PyArkansas: Small town, big tech!


Last weekend I flew out to to Little Rock, Arkansas, took a two hour crawl through a snarl of traffic, and arrived just in time for my Friday night pre-PyArkansas tutorial in Conway. Held on the stunning campus of Hendrix College, I wended my way around buildings, a massive fountain, inspiring structures, until I found the building where my tutorial was about to happen. Standing in the foyer with the beautiful Foucault pendulum, I could not help but to stop for a moment, exclaiming “Oooo!!!!” aloud, wishing I had gotten there thirty minutes earlier.

My tutorial was intended to encourage women in computer science by serving two purposes: discussing the source code and functionality of a particular project, and openly discussing some of the issues they faced in their current programs and surroundings. I was pleasantly surprised to discover that these women needed no technical or social encouragement. They are already enthused, technically and socially well prepared, and on their way to a very bright future in engineering or computer science. I was pleasantly surprised that they were very comfortable in the bash shell, and as comfortable in their current college curriculum. Like children at play, they picked up the moderate-levelled tutorial code quickly, made great strides in such a short time, and had a lot of fun doing it.

It was profoundly encouraging to see such a small computer science program achieve diversity as well as such a high level of skill. It made me wonder why larger colleges and universities cannot accomplish the same on bigger budgets, with larger staff, and a more diverse mix of students. It touched me to hear and see the enthusiasm, eagerness, and skill of the students in this program. Their learning experience under the Department Chair, Dr. Burch, comes as close to perfect as I have ever seen.

The next day’s events at PyArkansas were held at the also-very-nice campus of University of Central Arkansas, where an entire day’s worth of tutorials took place. Two Python 101 tracks were held: one for programmers and one for non programmers (a great concept). An all-day Django Track was given, where the advanced course was taught by Jacob himself. I held an afternoon tutorial addressing advanced Python concepts, with downloadable example code, where we compared and contrasted build and deployment tools, played with regex, and showed examples of some internal Python oddities involving static variables. I unfortunately missed the Python Blender tutorial, held at the same time as mine, and I heard it went quite well.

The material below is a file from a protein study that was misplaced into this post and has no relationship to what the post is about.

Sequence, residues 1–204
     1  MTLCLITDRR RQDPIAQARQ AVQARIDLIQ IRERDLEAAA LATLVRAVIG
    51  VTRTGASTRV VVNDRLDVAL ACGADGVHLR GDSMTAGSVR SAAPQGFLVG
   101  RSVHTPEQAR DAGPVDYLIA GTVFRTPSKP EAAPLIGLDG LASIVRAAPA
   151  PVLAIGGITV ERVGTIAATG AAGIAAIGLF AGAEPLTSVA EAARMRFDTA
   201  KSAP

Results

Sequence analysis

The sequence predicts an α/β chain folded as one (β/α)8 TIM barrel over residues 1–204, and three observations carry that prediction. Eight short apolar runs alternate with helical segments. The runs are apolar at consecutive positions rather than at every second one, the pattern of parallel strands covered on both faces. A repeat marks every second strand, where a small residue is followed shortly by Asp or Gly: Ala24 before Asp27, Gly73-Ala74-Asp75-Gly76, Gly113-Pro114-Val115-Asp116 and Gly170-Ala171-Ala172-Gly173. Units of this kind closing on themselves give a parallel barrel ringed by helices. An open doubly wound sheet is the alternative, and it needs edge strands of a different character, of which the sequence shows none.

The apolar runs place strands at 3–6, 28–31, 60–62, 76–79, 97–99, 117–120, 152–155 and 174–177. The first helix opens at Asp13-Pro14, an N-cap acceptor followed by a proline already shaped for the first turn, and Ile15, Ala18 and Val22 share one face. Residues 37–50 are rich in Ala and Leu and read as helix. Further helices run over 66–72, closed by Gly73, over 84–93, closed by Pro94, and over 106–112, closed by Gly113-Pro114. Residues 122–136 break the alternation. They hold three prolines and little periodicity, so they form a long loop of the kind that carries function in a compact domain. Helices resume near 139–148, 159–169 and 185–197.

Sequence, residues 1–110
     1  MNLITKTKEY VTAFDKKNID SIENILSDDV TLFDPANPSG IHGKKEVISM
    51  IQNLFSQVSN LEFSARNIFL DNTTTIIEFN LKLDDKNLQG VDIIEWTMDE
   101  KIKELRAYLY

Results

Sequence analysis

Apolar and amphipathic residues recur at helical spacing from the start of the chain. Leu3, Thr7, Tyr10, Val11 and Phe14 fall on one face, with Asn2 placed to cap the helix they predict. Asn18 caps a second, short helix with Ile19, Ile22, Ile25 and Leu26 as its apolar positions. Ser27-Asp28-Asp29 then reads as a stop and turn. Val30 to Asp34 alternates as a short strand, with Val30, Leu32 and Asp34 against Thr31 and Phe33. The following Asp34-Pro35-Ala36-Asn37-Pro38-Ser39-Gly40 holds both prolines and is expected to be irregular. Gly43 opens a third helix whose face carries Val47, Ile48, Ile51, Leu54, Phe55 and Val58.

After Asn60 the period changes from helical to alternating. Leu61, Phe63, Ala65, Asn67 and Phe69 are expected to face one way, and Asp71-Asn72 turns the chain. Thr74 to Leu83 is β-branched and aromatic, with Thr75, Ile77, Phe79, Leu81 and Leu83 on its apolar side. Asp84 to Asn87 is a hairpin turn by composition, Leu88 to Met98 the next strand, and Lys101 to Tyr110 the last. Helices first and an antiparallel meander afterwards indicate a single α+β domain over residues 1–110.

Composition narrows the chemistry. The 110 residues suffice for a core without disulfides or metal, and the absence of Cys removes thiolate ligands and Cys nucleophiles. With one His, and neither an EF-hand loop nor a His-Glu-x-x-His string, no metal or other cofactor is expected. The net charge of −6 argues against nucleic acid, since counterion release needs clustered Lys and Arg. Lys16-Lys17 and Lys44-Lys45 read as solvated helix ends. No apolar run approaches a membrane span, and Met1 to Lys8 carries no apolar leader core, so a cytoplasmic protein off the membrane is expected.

The campus facilities were very accomodating. Everything was well organized,and up and running for us when we arrived. This is a very welcome surprise to anyone who has travelled a bit to do tutorials. I was specifically told by Dr. Chenyi Hu, the Department Chair of UCA, that he really does care about diversity, and it is something they strive to achieve. This was truly touching, quite impressive, and a pleasant surprise from such a small town.

Kudos to Greg Lindstrom, Dr. Carl Burch of Hendrix College, Dr. Chenyi Hu of UCA, and everyone else involved. You induced a big technical “tremor” through your small town, which echoed far and wide. It is yet another example of the great people drawn to the Python community, and the amount of quality effort they are willing to give back. I feel honoured to have been part of this event, and I hope to be involved in many more to come.


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